family, work colleagues or a specific community. Medicine is still
engaged in reducing the patient to a series a mechanistic descriptions
and systems, often struggling with the subtlety and sensitivity of
humanism in communication and wider social concerns. The politics of
health care provision is present and the forces acting on the
professionals. For example, what price can we attach to the rise of
private health care in the UK, and the influx of agency nursing on
work patterns and standards of care?
So within the interpersonal quadrant you will find faces representing emotions and moods. A guitar, yacht, palette and hammer stand for hobbies, motivation, planning, activity and demonstrable skills. The eye and other senses - perception and ultimately the process of ascribing meaning. A baby and elderly figure express the process of human development, and the cultural pressures on the individual, that may in turn be influenced by gender. Spirituality resides within us as individuals and in religious institutions - in this case the cross - but across all faiths and religious beliefs.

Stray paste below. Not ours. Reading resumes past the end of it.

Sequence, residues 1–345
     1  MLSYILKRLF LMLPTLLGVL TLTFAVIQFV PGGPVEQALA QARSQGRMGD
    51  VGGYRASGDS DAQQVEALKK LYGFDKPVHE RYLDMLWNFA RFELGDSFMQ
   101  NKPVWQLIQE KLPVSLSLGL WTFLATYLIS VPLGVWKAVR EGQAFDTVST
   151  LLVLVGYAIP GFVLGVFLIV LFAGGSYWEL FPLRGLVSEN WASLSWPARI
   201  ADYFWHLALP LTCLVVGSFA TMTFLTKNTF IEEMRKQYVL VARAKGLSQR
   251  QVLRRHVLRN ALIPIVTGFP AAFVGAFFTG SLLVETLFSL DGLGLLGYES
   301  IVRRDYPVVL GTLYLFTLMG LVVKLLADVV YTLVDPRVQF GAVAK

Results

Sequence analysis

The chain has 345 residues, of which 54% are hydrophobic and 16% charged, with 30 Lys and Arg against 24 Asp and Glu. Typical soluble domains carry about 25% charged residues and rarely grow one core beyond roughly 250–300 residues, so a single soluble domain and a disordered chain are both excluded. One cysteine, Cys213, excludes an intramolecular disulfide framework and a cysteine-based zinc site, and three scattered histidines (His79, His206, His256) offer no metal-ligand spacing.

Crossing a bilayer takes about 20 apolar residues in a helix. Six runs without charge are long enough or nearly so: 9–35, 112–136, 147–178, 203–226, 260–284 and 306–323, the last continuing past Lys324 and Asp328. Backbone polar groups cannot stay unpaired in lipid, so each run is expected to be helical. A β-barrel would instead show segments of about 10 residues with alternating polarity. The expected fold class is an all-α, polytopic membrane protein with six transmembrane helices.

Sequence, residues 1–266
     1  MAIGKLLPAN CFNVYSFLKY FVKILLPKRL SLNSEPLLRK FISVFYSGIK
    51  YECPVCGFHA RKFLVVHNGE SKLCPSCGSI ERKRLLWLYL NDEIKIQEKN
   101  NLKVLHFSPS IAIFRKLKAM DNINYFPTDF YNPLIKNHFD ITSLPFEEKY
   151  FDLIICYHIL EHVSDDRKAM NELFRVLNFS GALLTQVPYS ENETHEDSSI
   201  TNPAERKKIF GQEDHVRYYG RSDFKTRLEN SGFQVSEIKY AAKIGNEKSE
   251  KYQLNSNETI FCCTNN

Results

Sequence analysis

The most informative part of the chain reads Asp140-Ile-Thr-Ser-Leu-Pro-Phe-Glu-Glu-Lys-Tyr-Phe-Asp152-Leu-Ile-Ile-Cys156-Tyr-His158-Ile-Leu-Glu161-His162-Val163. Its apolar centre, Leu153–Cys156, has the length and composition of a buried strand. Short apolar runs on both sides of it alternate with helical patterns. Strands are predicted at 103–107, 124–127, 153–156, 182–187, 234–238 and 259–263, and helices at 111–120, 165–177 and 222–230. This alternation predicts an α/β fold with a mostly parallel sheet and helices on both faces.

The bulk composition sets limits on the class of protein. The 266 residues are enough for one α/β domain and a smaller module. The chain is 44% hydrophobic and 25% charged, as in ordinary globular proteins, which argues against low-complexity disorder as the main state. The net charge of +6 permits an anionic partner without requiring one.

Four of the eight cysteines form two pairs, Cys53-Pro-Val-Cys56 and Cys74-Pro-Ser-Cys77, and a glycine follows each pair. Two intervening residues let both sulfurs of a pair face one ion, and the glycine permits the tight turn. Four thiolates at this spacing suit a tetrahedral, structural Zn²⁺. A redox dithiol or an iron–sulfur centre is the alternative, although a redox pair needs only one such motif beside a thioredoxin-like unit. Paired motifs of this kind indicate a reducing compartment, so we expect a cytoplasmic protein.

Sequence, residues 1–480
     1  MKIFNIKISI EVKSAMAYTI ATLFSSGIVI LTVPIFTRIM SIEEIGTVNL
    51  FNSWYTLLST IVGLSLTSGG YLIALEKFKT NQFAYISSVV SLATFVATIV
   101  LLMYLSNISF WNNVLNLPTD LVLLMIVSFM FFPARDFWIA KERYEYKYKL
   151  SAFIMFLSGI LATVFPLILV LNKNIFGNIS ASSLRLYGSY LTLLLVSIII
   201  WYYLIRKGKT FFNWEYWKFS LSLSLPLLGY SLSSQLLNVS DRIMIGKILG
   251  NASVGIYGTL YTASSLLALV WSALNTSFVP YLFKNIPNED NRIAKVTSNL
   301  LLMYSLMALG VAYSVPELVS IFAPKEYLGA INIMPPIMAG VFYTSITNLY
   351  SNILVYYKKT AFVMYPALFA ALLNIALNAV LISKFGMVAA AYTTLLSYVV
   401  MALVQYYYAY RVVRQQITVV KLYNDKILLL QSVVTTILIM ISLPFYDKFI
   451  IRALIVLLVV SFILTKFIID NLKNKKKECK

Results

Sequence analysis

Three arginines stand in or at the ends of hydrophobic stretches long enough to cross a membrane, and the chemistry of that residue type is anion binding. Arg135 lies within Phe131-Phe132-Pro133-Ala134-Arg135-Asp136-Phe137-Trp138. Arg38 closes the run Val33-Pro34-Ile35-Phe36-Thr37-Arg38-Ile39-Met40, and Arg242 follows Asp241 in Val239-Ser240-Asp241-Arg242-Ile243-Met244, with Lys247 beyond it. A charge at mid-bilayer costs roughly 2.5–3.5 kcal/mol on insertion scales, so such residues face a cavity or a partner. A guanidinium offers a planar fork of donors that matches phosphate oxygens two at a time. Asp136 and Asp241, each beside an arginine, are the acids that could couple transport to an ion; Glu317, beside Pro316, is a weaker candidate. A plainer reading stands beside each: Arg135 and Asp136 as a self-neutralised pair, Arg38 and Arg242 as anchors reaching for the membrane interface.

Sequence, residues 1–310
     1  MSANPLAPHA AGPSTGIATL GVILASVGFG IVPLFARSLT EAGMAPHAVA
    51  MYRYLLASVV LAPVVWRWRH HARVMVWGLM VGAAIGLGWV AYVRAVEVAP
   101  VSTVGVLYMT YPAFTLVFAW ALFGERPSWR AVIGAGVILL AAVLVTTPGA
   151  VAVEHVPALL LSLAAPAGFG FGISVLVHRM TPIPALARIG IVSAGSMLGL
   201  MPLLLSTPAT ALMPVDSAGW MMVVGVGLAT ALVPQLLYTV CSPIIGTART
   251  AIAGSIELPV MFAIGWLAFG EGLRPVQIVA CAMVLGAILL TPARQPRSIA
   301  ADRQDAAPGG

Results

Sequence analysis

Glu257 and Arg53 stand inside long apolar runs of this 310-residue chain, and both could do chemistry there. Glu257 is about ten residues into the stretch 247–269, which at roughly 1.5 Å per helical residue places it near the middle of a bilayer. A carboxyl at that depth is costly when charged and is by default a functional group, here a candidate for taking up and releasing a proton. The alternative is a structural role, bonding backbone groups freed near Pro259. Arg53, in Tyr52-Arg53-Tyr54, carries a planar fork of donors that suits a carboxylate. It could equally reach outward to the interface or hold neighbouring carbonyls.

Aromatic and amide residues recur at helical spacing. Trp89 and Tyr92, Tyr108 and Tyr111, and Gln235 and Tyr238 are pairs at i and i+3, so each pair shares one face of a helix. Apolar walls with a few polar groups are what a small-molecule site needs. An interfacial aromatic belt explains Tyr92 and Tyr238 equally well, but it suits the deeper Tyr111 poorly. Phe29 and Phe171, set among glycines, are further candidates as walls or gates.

The symbols and hand highlight cognitive abilities, attention, calculation, classical IQ and emotional IQ, educational capacities - learning, recall. The 'cognitive triad' Beck (1979), also resides in this quadrant, beliefs that individuals hold about self, others and the world. What positive and negative experiences has this individual encountered?
Two heads denote communication, moving towards the social quadrant were verbal and non-verbal forms of information come to the fore. What are the individual's capacities for handling information, cognitively and their understanding of the various media used to capture, transform and transfer it?
The linked computers variously stand for human-computer interaction; the social impact and application of ICT; the political and economical ramifications - "access for all", control of information; security and confidentiality. (A computer is not included in the science quadrant due to space limitations, but physical laws and properties of matter are of course crucial to making ICT possible, as exemplified in the OSI specification.)